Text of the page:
According to Sorenson, democratization “must be seen as having two distinguishable and separable dimensions: first, increasing competitiveness, that is, political liberalization or pluralization, and secondly, increasing political equality, that is, inclusiveness.”[1]  Some efforts that appear as democratization are in reality not full democratization.  For example, it is possible to increase the scope of competition for some parts of the population without increasing inclusiveness.  In this case political liberalization represents a move from autocracy to oligarchy or a limited class “democracy”.  On the other hand, inclusiveness can be increased without an increase in competitiveness.  This is represented by mass-mobilizing anti-oligarchic revolutions where the public tends to be demobilized in the post-revolutionary period due to the lack of competition.  Lastly, increased competitiveness can be associated with a decline in inclusiveness, which is evident in the Middle East’s liberalizing post-revolutionary regimes.


Before the Arab Spring, several authors wrote that no democratic transitions are occurring in the Middle East and North Africa because the collapse of authoritarianism has not occurred and that no Arab leader, except Mahmoud Abbas in Palestine in 2005, had risen to national power democratically.  It follows, then, that we must identify the causes of authoritarianism in order to develop a strategy for stable democracy.  Most analysts privilege more complex to explain the “authoritarian impulse” in the region, like economic growth and stagnation, social-structural transformation, state formation and institutional inertia, and ideological transformation.  However, another argument to be made is that the state’s coercive apparatus works to highlight the robustness of authoritarianism.[2]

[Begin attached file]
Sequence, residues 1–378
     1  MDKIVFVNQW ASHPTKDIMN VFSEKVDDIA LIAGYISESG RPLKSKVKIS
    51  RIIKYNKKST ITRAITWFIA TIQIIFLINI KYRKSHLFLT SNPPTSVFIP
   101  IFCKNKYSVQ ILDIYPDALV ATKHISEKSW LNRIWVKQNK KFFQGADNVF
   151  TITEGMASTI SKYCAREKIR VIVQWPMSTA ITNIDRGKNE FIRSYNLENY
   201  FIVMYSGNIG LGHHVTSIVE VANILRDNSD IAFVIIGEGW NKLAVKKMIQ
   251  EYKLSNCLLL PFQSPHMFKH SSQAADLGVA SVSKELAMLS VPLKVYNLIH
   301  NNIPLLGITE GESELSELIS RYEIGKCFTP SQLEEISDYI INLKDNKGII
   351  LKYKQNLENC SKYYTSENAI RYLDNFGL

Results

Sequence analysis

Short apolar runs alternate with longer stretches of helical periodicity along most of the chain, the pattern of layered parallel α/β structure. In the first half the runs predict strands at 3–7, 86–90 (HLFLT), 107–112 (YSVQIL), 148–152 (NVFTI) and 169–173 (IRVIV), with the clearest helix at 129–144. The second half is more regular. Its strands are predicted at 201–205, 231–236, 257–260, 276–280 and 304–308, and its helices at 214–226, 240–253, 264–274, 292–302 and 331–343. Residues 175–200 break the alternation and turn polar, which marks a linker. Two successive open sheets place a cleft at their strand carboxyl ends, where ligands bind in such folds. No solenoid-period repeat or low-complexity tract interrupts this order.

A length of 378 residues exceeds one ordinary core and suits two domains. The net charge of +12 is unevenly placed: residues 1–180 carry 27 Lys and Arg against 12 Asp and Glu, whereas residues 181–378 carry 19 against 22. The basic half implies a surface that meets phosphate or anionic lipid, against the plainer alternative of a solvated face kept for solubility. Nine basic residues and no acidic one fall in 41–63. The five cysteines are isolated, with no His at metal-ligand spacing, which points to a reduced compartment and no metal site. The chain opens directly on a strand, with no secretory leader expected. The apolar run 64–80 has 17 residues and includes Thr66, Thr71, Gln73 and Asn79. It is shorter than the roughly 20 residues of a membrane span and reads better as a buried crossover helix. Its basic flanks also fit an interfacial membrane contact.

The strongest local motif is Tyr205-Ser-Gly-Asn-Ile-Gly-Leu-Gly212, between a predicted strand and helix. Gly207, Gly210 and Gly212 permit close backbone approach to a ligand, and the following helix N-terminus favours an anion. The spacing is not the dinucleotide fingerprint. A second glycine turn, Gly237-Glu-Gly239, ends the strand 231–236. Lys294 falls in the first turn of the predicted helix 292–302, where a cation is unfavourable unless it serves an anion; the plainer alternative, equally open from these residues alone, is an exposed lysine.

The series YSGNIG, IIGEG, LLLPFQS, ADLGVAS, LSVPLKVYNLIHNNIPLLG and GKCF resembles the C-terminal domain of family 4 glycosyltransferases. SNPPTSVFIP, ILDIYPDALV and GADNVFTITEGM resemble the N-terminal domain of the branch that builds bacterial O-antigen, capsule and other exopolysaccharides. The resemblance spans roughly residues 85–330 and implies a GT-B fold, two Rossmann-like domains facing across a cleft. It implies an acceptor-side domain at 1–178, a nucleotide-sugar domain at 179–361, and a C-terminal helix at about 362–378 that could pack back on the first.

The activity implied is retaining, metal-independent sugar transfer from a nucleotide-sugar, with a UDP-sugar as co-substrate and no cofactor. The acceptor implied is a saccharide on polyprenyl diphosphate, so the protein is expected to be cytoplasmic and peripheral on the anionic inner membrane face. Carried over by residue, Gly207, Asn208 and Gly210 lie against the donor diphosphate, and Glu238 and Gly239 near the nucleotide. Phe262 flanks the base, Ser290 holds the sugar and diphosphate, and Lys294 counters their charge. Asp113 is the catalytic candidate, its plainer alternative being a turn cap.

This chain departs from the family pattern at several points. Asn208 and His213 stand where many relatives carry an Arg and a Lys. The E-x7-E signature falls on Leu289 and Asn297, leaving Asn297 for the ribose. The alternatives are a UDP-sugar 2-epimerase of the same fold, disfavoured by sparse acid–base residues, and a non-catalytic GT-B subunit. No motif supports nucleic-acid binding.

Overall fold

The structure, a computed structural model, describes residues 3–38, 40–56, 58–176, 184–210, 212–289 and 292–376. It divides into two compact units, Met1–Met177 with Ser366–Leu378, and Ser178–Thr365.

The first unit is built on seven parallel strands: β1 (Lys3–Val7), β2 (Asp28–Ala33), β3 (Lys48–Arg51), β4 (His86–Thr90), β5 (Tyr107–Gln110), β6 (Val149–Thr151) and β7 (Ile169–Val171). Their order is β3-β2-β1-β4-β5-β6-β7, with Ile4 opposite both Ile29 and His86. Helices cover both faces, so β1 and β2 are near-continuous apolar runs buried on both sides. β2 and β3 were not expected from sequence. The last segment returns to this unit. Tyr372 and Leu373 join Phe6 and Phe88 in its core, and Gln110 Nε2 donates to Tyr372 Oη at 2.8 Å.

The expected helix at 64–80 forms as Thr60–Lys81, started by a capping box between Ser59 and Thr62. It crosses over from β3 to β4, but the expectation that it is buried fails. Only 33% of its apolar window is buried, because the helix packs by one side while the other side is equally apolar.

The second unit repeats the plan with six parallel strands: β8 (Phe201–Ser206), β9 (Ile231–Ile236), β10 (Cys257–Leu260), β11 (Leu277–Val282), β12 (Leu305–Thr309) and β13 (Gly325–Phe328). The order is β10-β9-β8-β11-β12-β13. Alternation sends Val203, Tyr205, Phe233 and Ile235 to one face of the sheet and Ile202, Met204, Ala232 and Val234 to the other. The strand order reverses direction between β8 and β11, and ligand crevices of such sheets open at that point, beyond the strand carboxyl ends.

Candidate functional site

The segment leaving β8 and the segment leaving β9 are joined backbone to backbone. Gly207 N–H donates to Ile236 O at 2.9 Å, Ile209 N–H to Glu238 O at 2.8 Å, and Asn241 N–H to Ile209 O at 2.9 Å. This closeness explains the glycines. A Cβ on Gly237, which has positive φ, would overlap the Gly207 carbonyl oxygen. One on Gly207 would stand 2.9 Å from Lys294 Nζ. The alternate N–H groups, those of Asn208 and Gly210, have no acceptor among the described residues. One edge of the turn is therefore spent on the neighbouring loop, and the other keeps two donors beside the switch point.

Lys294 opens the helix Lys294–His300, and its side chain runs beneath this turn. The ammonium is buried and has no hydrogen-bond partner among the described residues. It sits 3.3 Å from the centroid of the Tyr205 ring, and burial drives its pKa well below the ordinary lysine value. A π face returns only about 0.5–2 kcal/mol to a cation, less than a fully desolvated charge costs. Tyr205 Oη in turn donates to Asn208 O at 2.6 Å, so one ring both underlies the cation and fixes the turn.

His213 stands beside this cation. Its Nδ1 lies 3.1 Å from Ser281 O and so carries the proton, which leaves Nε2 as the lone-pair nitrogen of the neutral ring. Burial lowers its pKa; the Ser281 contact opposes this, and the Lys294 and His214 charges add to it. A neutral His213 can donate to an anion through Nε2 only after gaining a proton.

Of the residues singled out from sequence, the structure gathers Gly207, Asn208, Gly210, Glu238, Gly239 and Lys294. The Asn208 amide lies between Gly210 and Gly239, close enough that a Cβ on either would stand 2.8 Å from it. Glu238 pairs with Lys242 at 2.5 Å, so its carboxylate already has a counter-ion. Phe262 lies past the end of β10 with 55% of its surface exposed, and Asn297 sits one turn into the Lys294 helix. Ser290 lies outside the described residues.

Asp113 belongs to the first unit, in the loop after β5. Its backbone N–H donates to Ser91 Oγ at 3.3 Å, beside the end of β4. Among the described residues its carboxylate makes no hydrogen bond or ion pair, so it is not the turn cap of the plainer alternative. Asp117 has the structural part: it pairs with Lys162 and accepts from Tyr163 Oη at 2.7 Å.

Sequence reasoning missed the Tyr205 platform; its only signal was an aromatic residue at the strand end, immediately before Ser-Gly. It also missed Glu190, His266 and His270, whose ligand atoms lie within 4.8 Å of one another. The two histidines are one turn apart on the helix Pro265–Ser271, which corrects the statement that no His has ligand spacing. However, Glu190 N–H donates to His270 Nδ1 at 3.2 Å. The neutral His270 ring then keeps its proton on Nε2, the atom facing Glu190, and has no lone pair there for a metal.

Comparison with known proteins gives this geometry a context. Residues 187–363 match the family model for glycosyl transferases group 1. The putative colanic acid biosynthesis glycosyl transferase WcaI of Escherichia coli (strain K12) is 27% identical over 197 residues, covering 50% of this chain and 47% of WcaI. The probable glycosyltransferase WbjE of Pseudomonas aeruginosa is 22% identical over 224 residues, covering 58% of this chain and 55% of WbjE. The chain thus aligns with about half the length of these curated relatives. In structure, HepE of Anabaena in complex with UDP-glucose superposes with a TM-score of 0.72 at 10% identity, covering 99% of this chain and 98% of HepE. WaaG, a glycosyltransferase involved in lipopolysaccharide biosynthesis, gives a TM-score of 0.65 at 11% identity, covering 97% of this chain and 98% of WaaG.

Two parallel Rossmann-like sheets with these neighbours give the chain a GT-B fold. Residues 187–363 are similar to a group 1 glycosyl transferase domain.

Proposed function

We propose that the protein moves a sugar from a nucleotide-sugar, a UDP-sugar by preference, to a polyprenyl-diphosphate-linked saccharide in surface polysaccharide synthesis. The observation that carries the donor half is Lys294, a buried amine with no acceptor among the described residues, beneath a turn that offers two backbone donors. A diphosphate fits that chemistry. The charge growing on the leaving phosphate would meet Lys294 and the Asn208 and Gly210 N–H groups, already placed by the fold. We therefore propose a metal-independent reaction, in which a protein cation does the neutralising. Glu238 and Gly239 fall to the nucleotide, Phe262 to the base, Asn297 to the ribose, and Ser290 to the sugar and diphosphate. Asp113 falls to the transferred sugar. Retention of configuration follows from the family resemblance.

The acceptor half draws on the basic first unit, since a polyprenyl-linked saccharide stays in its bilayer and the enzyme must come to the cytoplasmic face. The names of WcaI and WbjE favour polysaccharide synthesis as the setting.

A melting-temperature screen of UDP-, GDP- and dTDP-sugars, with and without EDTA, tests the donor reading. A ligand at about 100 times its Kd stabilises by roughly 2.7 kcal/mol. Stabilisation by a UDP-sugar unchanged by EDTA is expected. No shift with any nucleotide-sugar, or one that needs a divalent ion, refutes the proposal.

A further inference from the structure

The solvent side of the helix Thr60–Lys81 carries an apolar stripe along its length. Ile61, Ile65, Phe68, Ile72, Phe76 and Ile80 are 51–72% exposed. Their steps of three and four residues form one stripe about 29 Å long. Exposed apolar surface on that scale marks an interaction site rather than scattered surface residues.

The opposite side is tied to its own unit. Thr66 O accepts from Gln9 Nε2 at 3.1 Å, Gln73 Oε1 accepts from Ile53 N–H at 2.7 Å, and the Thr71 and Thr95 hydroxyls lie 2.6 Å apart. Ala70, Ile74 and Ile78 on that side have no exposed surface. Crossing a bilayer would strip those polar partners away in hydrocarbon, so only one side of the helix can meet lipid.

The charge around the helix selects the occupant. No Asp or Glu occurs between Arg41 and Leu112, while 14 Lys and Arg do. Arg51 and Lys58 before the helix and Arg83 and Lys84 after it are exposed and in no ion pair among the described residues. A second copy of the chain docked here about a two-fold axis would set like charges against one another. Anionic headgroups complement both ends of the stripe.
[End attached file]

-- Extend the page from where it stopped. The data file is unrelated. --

Entelis posits that the state’s coercive apparatus argument provides the most useful framework in analyzing the persistence of authoritarianism in North Africa.  The next step is to identify the determinative conditions of a successful state coercive apparatus.  Eva Bellin identifies the following determinative conditions.  First is the status of a state’s fiscal health.  The Maghreb ranks above average in the proportion of GNP spent on security.  The figure was approaching 5% in 2000 while the global average was 3.8%.  The second is the level and kind of international support networks.  The Maghreb has become the critical staging area in the fight against Islamic terrorism and thus has gained large support networks with the West.  Third is the degree of institutionalization of the military and whether it operates according to legal-rational criteria or patrimonial ones.  The Maghreb security apparatuses are shot through with patrimonial influences.  While increased expenditures in Maghrebi countries have resulted in increasing spending on security apparatuses to fight the threat of terrorism, the patrimonial privileges have only deepened.  Fourth is the existence of popular political mobilization.  Only among Islamists has mobilization in large numbers been sufficient for forced regime change or to cause regimes to seriously consider political reform.  Fifth is the use of perceived or real threats to state security.  Palestine has been used in the Maghreb by governments to further their advantage in their ability to stand up to ideological, political, global, and military challenges that Israel presents to the Arab world.[3]